And so devolution returns


Well, Ian and Marty’s love-in at Stormont yesterday went off as planned, and apparently the brave new dawn for Norn Iron begins here. Except, notwithstanding the international press corps, Mr Tony, Bertie, and the boosterism of our relentlessly upbeat local media – determined that this time it’s going to work – the general mood seems to be one of boredom rather than euphoria. What one hears is not so much “At last! At last!” as “About bloody time”. Don’t get me wrong – most people still support the peace process, and that alone is enough to keep it afloat a while yet, but there is a terrible amount of cynicism about.

It was striking, listening to the Radio Ulster coverage of the restoration yesterday, that both Nolan and Dunseith were having trouble finding callers with much positive to say about the new dispensation. In fact, the most vocal contributors were unionist backwoodsmen who, one sensed, were opposed to power-sharing as a general principle. Nolan had on a spokesmen for disabled cops, who talked a bit about how his constituents were feeling – which was fair enough – but then went off on a ramble about how MLAs should have to swear allegiance to the Queen and how the Union Jack should fly over government buildings at all times. He was followed by a rural fundamentalist who gave out that the DUP had entered Stormont to stop the Brits passing immoral legislation – he had been told this personally by Singing Willie – but now Edwin Poots was going to give the gays three grand for their parade.

Of course, these guys aren’t representative, any more than the three (count ‘em!) small demos at Stormont. There is nobody in the Assembly to the right of Big Ian, in fact no substantial opposition from any quarter. And two of the three demos – the water rates one and mad loyalist Willie Frazer – were lobbying the Assembly, while the SWP and anarchists just wanted to shout at Mr Tony over Iraq. Outright opposition is very much a minority taste, and even most of those who seem oppositional are within the Big Tent of the peace process to some extent.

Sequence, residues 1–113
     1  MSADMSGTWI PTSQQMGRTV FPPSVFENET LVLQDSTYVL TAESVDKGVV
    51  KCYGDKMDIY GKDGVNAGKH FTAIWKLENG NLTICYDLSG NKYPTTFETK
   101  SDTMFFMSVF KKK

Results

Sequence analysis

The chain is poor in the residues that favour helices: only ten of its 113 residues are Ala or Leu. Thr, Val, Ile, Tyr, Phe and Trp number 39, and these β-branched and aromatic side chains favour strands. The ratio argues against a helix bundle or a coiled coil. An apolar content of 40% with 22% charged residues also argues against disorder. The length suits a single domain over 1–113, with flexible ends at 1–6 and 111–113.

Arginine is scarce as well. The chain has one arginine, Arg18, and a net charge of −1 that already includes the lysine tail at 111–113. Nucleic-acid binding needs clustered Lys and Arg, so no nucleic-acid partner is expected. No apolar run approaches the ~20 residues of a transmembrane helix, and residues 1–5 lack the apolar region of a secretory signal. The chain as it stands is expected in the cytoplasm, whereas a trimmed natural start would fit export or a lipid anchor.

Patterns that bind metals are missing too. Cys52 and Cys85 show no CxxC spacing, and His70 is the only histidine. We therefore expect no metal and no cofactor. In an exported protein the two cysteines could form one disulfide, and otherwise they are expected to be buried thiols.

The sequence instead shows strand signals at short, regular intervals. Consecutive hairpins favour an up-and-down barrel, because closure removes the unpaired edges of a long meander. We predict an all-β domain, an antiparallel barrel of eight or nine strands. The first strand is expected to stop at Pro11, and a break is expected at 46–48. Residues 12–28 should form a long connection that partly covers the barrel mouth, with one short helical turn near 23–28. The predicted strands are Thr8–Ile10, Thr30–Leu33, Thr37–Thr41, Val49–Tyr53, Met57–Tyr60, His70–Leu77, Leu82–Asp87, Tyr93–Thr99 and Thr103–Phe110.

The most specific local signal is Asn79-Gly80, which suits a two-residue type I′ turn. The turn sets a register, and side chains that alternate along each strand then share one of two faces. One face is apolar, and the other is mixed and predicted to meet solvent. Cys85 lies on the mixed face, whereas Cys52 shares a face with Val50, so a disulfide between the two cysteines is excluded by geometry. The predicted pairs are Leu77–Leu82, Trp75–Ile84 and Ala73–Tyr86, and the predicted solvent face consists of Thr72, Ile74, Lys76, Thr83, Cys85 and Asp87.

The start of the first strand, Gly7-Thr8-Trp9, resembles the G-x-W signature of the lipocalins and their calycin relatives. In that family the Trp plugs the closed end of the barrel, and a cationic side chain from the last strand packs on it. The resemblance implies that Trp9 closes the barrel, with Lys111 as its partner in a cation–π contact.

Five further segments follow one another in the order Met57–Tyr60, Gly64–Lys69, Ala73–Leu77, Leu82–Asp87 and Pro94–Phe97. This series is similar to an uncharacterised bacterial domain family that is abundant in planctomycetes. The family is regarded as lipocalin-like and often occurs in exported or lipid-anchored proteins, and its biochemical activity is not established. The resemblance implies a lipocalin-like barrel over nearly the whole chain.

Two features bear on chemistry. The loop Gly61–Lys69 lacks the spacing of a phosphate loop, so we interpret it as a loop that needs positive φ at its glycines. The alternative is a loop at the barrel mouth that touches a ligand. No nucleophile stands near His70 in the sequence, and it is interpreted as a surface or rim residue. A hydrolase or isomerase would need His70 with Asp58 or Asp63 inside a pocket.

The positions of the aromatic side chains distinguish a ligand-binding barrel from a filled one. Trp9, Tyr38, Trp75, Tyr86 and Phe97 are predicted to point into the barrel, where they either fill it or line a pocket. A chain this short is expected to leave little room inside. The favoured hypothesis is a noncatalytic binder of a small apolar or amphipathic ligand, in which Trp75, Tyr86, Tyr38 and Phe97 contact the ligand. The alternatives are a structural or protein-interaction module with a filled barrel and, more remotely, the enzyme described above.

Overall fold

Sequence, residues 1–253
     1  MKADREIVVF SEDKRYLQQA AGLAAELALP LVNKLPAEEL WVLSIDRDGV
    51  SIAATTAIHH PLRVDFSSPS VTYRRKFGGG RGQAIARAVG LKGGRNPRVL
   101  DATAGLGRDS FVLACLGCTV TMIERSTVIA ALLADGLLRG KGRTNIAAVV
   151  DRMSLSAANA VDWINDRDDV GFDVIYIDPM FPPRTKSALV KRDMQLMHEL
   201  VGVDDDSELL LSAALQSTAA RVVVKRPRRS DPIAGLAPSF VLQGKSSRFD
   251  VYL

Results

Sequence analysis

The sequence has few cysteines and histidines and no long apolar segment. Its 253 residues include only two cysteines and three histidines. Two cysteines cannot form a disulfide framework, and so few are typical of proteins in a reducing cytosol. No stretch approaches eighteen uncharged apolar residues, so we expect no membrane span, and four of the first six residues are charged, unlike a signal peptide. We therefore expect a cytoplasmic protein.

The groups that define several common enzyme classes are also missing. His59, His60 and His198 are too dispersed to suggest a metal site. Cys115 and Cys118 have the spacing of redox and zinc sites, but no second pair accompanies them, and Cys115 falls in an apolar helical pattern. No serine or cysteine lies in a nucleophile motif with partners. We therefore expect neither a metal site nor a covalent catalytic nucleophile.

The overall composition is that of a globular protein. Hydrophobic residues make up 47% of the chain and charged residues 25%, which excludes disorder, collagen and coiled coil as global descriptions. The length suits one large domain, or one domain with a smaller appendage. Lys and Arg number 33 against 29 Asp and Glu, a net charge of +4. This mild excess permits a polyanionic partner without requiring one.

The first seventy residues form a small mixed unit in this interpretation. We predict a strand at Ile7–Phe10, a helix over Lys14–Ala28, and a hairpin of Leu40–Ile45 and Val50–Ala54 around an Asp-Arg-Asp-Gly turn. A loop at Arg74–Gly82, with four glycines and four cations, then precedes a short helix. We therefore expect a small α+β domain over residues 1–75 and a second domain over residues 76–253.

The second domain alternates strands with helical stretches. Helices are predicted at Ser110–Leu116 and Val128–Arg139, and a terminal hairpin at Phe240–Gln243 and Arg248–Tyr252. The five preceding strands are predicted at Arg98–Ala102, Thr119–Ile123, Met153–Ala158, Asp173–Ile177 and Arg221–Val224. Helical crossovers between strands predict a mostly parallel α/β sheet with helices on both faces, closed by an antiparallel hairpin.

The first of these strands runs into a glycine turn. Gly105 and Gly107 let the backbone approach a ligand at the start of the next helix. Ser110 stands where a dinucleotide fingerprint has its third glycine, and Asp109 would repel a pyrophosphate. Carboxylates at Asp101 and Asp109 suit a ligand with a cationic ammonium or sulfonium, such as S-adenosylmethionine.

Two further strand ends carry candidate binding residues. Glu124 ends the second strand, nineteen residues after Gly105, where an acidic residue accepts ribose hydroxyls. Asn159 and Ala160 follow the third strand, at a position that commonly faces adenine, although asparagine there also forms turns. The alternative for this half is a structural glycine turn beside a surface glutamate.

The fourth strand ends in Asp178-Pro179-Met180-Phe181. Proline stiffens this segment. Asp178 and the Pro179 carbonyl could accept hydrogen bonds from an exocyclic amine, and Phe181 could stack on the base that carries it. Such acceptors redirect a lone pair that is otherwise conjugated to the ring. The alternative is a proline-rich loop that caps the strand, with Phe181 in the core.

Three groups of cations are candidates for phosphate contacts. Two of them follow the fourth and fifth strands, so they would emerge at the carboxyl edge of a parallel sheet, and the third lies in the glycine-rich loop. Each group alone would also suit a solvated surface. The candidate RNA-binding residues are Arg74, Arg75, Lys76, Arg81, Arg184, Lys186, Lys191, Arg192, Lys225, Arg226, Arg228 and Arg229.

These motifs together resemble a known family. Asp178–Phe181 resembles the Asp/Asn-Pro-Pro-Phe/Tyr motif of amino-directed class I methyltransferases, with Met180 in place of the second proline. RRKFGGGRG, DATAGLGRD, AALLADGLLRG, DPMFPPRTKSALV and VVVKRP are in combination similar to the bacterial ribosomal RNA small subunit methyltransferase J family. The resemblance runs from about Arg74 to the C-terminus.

My gut feeling is that the Assembly will be stable, for a while at least. And the lack of any great expectations may actually work in devolution’s favour – when you don’t expect much, there isn’t likely to be a backlash from disappointed punters. The big question is, will this Executive be as awful as the last one?

 Update 10.05.07: My spies inform me that there were not three but in fact five small demos at Stormont. A contingent of republicans came down from Derry to protest against this imperialist settlement, so they at least got the point. And there was a bloke from Fathers 4 Justice, but unfortunately he had nobody to hold the other end of his banner. Nor was he dressed as Spider-Man, which is a bit of a disappointment.


  1. WorldbyStorm said,

    May 10, 2007 at 10:12 pm

    I’m amazed that anti-GFA Republicans weren’t visible to any meaningful degree on the day.

  2. Ciarán said,

    May 11, 2007 at 1:44 am

    The fathers’ rights campaigner had a banner that read “Real Fathers for Justice” so perhaps there’s been some kind of split (and I guess “Continuity Fathers for Justice” got lost on the way).

    It is a pity though that absolutely no attention was given to the issue he was trying to raise amongst the rest of the banners and shouting.

    Oh, and there was a sixth group there – the UCU were demanding better pay for lecturers.

  3. Brad Duncan said,

    May 12, 2007 at 6:01 am

    For all of you Grizzlyism aficionados, here is a real classic:

    In this essay we are told that the New Stormont represents the end of Partition and is a fiting tribute to those that died at Loughall.
    Even the cynics among you won’t believe this until you read it.
    -Brad in Detroit

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